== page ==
“‘We are all just trying / to make it through yesterday,'” writes Matt McBride in this painfully insightful exploration of our twenty-first-century brand of alienation. In poems that are stylish and skewering, with uncommon wit and unsettling resonance, McBride takes on technology, militarism, love, nostalgia, divorce, the ubiquity of advertising, the institution of the presidency, and the ever-expanding surveillance state. This is a deeply sad and strangely fun and totally shining book that has given me, among other things, the best slogan I’ve heard yet for the current moment: ‘no flag is small enough.'”
“Clearly, these poems are the Chinese fortunes dandelions would dispense, that is, if you woke up too in cities like these that would give Continental Bards a run for their money, and then some, that is, if verse finally managed to gain the upper hand on prose—local banalities upended in an orgy of absurd lyrical excess.”
“There’s no doubt about it: Matt McBride’s City of Incandescent Light is a heavy-duty book of shadows, with the speaker’s divorce as one of its central preoccupations. As a result, it’s weary and wary and sad with a massive darkness hanging over it, a jaw-dropping plethora of bewildering astonishments. And yet, we are led by the hand with so much heart through it—city to city, photograph to photograph, year to year—with awe and marvel, redemptive grace and explosive weirdness—that in the end one feels lighter, lit up, almost luminous from the inside out for having read it. The “many heavy-possibles” of our journey transformed into “Ssssszzzzzhhhhhaaaaa”! Somehow this is comforting and depth-charged and wise. This is a devastatingly terrific first book.”
“Matt McBride has made a potent stew of precisely recurring imagery: sheep, bones, pears, divorcees…The poems are arranged like seasons—as they appear, they reappear, the oft-recycled titles symbolizing the poet’s civilized and changeless despair, unassuaged by the garnish of time known as calendar.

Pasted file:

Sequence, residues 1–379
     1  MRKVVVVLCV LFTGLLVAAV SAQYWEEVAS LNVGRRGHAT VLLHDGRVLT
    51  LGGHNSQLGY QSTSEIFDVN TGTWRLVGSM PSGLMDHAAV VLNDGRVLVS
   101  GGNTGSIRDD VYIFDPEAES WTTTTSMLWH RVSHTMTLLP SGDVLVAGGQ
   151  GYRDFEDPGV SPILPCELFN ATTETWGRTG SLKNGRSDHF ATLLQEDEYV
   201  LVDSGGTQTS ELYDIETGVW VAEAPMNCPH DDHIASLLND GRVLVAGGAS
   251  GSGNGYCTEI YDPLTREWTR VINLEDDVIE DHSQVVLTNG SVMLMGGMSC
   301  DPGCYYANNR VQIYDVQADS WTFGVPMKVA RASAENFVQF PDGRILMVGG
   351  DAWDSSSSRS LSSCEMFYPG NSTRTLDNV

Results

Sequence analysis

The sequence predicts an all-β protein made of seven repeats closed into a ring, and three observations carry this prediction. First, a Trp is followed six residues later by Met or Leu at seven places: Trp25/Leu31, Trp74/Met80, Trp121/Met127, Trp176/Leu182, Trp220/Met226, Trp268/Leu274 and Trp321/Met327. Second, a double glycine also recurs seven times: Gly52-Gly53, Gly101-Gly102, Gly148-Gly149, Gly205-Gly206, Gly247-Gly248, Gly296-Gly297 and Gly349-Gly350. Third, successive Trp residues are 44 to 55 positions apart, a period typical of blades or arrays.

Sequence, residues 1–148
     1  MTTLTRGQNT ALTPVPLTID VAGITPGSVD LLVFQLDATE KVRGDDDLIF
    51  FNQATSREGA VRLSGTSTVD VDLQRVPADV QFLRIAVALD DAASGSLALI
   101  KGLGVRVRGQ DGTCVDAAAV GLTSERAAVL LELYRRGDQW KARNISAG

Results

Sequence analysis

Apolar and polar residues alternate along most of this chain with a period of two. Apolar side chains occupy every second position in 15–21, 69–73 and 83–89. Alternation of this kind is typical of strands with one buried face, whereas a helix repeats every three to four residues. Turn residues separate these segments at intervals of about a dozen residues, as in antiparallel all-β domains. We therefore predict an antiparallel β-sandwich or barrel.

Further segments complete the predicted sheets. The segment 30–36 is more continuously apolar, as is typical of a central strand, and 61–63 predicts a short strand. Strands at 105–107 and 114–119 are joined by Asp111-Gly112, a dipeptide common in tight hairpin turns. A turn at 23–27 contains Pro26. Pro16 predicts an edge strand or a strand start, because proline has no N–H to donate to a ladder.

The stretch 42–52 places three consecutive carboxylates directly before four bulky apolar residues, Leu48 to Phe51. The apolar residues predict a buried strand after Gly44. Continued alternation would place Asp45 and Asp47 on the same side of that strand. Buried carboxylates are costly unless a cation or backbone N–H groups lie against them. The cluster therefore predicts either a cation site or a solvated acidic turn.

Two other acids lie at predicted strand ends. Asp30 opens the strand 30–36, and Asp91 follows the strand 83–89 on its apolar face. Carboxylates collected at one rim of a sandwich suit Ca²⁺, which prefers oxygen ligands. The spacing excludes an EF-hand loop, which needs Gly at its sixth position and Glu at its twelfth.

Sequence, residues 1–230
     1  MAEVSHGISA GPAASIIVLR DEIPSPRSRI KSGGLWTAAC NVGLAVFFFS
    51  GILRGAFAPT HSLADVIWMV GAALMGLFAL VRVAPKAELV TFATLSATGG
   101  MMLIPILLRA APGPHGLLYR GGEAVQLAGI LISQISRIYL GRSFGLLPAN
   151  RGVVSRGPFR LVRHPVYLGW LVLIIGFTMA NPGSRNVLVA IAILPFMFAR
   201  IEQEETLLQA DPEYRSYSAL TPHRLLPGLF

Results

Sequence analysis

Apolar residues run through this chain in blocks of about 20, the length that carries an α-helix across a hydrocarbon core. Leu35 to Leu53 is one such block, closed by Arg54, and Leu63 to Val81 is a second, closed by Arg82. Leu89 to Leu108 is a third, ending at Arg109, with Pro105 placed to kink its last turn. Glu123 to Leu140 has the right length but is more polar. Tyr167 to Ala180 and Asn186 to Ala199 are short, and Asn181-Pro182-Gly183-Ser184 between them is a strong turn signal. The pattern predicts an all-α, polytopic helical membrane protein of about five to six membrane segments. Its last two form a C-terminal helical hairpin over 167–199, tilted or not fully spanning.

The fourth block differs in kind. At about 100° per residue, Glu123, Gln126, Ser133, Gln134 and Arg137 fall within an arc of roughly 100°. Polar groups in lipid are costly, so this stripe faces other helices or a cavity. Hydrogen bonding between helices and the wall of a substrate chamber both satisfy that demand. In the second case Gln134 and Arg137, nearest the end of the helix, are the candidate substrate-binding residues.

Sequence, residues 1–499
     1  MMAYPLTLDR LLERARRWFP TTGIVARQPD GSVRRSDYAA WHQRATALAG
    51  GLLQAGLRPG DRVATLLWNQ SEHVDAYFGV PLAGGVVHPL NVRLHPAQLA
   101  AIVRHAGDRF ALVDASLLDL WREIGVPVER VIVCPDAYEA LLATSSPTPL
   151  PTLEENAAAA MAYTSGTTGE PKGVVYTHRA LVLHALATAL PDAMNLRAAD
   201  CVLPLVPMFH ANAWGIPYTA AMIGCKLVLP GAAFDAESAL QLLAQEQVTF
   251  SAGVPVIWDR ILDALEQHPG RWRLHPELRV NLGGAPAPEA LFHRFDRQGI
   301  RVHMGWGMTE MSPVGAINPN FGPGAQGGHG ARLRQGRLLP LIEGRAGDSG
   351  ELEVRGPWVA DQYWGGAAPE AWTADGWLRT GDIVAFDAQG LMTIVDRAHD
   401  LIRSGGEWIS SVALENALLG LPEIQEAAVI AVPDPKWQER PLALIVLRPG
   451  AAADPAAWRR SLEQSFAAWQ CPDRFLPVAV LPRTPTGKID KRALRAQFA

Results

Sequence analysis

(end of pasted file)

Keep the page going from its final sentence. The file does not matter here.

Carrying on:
His is a world in which humans endure the paradox of loving each other into divorcing each other, of making ‘cities’ of multiple selves only to enclose the single self in solitude, of creating art as a means of posthumous haunting.
The poet’s final plea, ‘don’t bury me deep,’ is the perfect bookend to the transparent, fragile and vulnerable ‘glass’ life under the lights. McBride’s lights are there to underscore the darkness—and this is the book’s core theme—it is the darkness that is peopled, not the architectured city. Darkness is where warmth is possible, thought is quiet, night is real, and dreams are safe from ‘commercials.’
City of Incandescent Light is so fascinatingly depressing that it comes across as playful. It is a horrible, ironic playfulness, yet edifyingly genuine, capturing the essence of a broken existence in a “full-circle” universe. McBride as commentator of this perennial journey gives us a language of heartbreaking apathy, both harrowing and irresistible. Read with caution: this is a poetry that doesn’t ring twice.”